Assigning Classes

Abigail abigail at
Tue Sep 10 11:35:11 BST 2013

On Tue, Sep 10, 2013 at 11:18:47AM +0100, Nicholas Clark wrote:
> On Tue, Sep 10, 2013 at 11:42:25AM +0200, Philippe Bruhat (BooK) wrote:
> > On Tue, Sep 10, 2013 at 11:24:10AM +0200, Abigail wrote:
> > > 
> > > There's also the lazy solution: randomly assign students to classes.
> > > Tell them they're allowed to make any change they want, provided
> > > that: 1) it gets a buy-in from any student involved in the change,
> > > and 2) no class exceeds the max capacity and no class has just one
> > > student.
> > 
> > I'd say it's more of a distributed solution, since the work is distributed
> > over the computing power of the students. It also has the nice benefit
> > that the more dissatisfied a student initialy is, the more computing
> > power they'll apply to improving the solution. Which should improve the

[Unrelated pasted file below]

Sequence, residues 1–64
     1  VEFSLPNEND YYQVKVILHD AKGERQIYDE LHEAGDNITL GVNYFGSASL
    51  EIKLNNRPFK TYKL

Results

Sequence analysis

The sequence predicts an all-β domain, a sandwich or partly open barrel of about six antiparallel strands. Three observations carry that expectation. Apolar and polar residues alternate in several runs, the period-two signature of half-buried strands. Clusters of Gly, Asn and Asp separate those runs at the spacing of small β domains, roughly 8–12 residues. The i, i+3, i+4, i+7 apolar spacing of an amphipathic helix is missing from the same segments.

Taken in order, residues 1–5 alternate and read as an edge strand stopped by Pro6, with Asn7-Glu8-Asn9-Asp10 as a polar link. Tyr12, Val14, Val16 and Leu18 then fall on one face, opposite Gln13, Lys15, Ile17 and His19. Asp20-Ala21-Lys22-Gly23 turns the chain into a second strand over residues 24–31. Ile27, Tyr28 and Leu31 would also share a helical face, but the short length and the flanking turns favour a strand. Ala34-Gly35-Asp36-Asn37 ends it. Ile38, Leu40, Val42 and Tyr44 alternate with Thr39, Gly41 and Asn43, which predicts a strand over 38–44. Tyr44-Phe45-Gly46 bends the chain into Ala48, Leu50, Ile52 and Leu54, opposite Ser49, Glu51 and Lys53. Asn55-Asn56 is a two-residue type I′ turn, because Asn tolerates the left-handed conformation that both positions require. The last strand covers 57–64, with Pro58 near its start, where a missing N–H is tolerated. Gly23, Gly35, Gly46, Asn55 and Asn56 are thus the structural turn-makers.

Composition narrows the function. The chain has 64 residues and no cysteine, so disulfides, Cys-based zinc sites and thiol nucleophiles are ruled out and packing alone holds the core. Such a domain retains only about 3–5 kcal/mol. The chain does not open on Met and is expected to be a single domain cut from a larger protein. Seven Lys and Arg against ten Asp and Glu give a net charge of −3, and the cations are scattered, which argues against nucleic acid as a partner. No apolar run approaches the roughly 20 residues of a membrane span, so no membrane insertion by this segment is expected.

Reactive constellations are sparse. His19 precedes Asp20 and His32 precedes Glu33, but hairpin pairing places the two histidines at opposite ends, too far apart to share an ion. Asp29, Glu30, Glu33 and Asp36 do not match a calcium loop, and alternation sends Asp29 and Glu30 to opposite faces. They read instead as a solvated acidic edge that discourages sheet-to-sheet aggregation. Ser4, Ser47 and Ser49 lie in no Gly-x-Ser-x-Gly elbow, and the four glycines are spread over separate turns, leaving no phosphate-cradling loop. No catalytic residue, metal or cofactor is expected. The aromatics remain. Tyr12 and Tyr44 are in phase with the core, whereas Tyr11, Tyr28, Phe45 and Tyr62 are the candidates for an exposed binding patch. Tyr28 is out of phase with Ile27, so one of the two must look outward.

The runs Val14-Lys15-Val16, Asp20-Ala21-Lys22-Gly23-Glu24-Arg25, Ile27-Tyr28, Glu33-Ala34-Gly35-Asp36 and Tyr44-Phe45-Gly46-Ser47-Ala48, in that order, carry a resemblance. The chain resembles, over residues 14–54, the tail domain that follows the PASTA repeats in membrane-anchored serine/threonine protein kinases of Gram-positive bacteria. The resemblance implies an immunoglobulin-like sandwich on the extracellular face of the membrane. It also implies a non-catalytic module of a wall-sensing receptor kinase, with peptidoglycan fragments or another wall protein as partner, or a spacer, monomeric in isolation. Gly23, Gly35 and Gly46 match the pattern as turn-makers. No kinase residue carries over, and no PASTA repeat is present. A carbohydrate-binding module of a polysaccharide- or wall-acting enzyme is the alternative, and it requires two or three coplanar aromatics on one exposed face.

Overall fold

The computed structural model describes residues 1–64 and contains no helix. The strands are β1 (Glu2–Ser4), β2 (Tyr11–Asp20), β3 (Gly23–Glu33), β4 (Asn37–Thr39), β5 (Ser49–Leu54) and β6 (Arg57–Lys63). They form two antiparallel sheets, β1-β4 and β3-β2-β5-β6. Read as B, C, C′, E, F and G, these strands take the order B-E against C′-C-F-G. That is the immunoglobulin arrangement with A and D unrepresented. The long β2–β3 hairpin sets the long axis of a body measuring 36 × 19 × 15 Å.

> > overall satisfaction.
> It might be impractical in this case. If the bandwidth and latency of the
> interconnects between the distributed nodes isn't good enough, then it may
> not be possible for the hive mind to find a solution before classes need to
> start.

And then they will be dissatisfied. That will give them an incentive to
not wait till the last night to optimize their schedule, and start sooner.
(It's just like writing slides the last night before giving a talk, once
you find out that it doesn't result in the best possible talk, you wise up,
and start sooner the next time. Oh, wait, that hasn't quite worked for me...)


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